[7] Quote from the translation of Savarkar’s poem, Beloved Hindustan.
[8] Quote from the translation of Savarkar’s poem, Hail to You!

Saturday, July 4, 2015

Savarkar arrives in the Cellular Jail

Hi, Everyone! So often people ask me: “But why do you want to write on Savarkar? Why Savarkar?” This question will immediately be answered upon reading my book Burning for Freedom, of course—as one of my literary critics has written, “the author pays unabashed homage to Savarkar in the book” and therein also I have revealed why I am doing so. But for those who have not the opportunity to read it, I will say in short that, even if we were to consider his character alone, Savarkar is greatly estimable as is revealed in every phase of his life. What to say when we have his dynamism, daring, very many talents, magnetic personality, and more thrown into the equation? To me Savarkar is the foremost karmayogi of unparalleled patriotism. From the earliest childhood he was devoted to doing his very best for his beloved Hindustan and never, ever committed any mean or underhanded act, nor held grudges; “country first” was his mantra and he carried it out to the very end, always being true to his country and people.

On this 104th anniversary of Savarkar’s entry into the Cellular Jail, I am writing of that time with quotes from Savarkar’s My Transportation for Life. It does illustrate Savarkar’s qualities very well.

June 27, 2011: A handcuffed Savarkar was taken aboard the S.S. Maharajah and lodged in the dark, dank, smelly area in its belly below the deck which was partitioned off by iron bars. He writes: “Climbing into that steamer to be transported for life was like putting a man in his own coffin. . . .I was being put on my funeral pyre. The only difference was that I felt what was happening to me while my corpse would have felt nothing.”

He was to share this “iron cage” with fifty of the most hardened criminals “inured to filth, cruelty, and crime . . . some even stricken with foul diseases”. The space was so inadequate that there was not even an inch to spare between their beddings. Savarkar writes: “My feet touched their heads, and their feet came up near my mouth. If I turned on the other side, I found that a mouth nearly touched my mouth.” As Savarkar suffered from bronchitis, he was given the only space—one that gave slightly more room and the merest breath of air—located by two casks in the corner over by the partition.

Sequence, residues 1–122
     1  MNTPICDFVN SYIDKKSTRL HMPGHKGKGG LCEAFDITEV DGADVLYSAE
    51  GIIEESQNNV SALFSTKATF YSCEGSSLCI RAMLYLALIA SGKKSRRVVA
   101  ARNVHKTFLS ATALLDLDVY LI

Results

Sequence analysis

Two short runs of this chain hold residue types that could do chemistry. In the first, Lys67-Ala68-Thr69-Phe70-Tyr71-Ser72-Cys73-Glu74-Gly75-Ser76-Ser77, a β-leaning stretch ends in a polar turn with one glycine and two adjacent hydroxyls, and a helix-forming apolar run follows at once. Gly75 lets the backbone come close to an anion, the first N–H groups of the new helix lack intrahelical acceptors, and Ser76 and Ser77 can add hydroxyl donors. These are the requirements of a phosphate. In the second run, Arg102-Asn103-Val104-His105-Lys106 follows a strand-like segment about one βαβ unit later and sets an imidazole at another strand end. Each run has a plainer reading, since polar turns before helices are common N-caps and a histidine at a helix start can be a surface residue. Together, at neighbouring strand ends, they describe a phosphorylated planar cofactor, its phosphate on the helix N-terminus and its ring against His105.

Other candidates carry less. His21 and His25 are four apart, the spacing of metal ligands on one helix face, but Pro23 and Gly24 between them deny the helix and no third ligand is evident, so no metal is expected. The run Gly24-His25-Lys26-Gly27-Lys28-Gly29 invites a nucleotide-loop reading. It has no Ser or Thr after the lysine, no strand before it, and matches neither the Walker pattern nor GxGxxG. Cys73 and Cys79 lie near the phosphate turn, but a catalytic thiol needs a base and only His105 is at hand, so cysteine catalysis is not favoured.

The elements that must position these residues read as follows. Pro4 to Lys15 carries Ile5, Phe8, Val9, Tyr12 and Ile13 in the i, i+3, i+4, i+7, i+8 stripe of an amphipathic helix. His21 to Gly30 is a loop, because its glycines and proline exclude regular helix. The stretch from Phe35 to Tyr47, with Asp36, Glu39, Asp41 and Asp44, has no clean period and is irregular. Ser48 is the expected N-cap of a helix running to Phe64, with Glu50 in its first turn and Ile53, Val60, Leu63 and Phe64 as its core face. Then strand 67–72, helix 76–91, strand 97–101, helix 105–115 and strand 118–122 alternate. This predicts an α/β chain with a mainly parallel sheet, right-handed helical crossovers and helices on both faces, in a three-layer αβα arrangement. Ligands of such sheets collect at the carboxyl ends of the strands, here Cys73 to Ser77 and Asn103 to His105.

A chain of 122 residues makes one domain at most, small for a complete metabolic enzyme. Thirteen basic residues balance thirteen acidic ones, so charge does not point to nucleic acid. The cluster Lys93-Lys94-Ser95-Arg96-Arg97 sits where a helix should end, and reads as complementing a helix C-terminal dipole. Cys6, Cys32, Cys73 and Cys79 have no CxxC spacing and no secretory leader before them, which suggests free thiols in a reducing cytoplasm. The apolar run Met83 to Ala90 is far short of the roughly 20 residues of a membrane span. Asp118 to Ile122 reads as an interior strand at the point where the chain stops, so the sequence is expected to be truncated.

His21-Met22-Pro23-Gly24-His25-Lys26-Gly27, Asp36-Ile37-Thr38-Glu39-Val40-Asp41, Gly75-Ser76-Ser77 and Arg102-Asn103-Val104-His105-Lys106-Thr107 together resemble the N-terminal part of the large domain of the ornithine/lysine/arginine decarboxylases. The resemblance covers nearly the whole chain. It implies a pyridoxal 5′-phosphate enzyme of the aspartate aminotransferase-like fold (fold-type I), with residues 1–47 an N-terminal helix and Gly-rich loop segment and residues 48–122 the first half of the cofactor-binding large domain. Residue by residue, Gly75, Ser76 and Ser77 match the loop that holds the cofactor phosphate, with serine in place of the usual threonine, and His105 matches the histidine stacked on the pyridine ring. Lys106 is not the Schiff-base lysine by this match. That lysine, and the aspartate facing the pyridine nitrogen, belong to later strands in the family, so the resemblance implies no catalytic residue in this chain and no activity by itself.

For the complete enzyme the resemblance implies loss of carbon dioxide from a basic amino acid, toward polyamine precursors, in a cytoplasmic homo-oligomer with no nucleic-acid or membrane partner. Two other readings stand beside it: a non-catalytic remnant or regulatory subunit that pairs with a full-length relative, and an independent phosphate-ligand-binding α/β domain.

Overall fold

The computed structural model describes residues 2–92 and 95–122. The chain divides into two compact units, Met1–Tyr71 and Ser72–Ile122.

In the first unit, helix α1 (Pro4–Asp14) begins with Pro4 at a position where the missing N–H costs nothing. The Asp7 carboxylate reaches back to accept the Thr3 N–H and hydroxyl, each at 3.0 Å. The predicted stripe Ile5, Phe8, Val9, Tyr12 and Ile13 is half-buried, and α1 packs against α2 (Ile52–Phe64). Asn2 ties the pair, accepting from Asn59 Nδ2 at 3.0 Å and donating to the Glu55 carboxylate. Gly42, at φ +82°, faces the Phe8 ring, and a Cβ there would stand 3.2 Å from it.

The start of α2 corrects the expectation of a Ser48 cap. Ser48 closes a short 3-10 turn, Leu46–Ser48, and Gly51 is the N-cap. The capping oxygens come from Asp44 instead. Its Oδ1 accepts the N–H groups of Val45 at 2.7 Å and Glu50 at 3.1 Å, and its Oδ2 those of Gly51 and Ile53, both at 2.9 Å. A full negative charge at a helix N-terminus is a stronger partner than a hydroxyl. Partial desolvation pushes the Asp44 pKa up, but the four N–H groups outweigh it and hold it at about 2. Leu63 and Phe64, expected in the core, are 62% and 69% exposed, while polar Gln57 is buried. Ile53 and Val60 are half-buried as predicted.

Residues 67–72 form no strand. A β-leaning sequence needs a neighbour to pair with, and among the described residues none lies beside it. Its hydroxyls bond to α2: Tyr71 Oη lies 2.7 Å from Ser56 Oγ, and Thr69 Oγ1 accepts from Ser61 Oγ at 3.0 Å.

But this was no blessing. A terrible stench emanated from the casks—they were to be used as chamber pots for the convicts to relieve themselves. And indeed, one was actually using it when Savarkar arrived at his spot. Savarkar was greatly respected even by these hardened criminals. His fifty-year sentence made their fifteen years appear negligible. They had taken up the attitude “behold him, he is a barrister . . . what is our grief before him? Brothers, let us not think of ourselves, let us think of him”—and so in shame, the convict was about to leave the cask before his business was complete. But Savarkar would have none of that. Signaling him to carry on, Savarkar said: “The claims of the body cannot be put off. There is no shame in answering the call of nature. In a moment, I may follow you. Do it freely. We cannot help it. We cannot afford to feel ashamed in this wretched condition. I can smell, so you think, but do you not have a nose too? Why then should I feel the stink any more than you do?” At this another convict offered to swap spots with him. Savarkar declined the offer: “Why should I put you in the midst of dirt by exchanging my place with yours? I also must inure myself to this kind of life.” He writes re this incident: “My hearted melted when I heard this. His generous offer was a wonder to me. I said, ‘O my God, even in the hearts of the most sinful ones, thou makest thy abode, turning it into a shrine of worship and prayer. Thou turnest what is dirty and untouchable into the holiest of the holy—the sacred basil pot it becomes when it is no more than a sink of filth and crime.”